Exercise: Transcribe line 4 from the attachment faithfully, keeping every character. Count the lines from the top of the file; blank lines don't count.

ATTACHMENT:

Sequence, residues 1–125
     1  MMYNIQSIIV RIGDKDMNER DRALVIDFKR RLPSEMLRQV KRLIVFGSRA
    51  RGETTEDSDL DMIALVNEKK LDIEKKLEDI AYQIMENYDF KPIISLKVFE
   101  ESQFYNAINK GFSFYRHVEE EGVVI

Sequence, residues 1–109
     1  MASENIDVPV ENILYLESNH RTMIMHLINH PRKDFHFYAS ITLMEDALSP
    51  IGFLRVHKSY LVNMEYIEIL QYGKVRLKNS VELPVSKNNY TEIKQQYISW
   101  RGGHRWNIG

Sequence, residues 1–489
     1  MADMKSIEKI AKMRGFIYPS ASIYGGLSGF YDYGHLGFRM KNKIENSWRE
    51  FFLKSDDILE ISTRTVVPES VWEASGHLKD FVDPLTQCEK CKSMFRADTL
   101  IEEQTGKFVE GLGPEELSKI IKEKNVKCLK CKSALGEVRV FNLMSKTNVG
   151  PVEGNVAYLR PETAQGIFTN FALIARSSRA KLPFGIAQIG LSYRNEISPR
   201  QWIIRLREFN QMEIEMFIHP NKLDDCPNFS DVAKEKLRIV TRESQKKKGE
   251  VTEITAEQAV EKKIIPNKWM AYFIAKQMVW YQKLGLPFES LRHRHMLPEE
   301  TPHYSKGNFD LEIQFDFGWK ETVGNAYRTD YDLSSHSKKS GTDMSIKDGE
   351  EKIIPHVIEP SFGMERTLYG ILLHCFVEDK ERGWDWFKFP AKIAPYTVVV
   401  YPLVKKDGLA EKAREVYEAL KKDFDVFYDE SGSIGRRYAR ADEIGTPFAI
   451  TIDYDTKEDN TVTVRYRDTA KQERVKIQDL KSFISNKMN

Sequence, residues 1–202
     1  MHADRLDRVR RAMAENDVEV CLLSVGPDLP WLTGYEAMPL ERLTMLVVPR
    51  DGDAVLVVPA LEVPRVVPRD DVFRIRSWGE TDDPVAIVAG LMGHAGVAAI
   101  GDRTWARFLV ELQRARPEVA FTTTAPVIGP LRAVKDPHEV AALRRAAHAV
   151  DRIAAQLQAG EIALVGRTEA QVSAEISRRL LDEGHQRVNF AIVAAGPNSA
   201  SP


   101  ESQFYNAINK GFSFYRHVEE EGVVI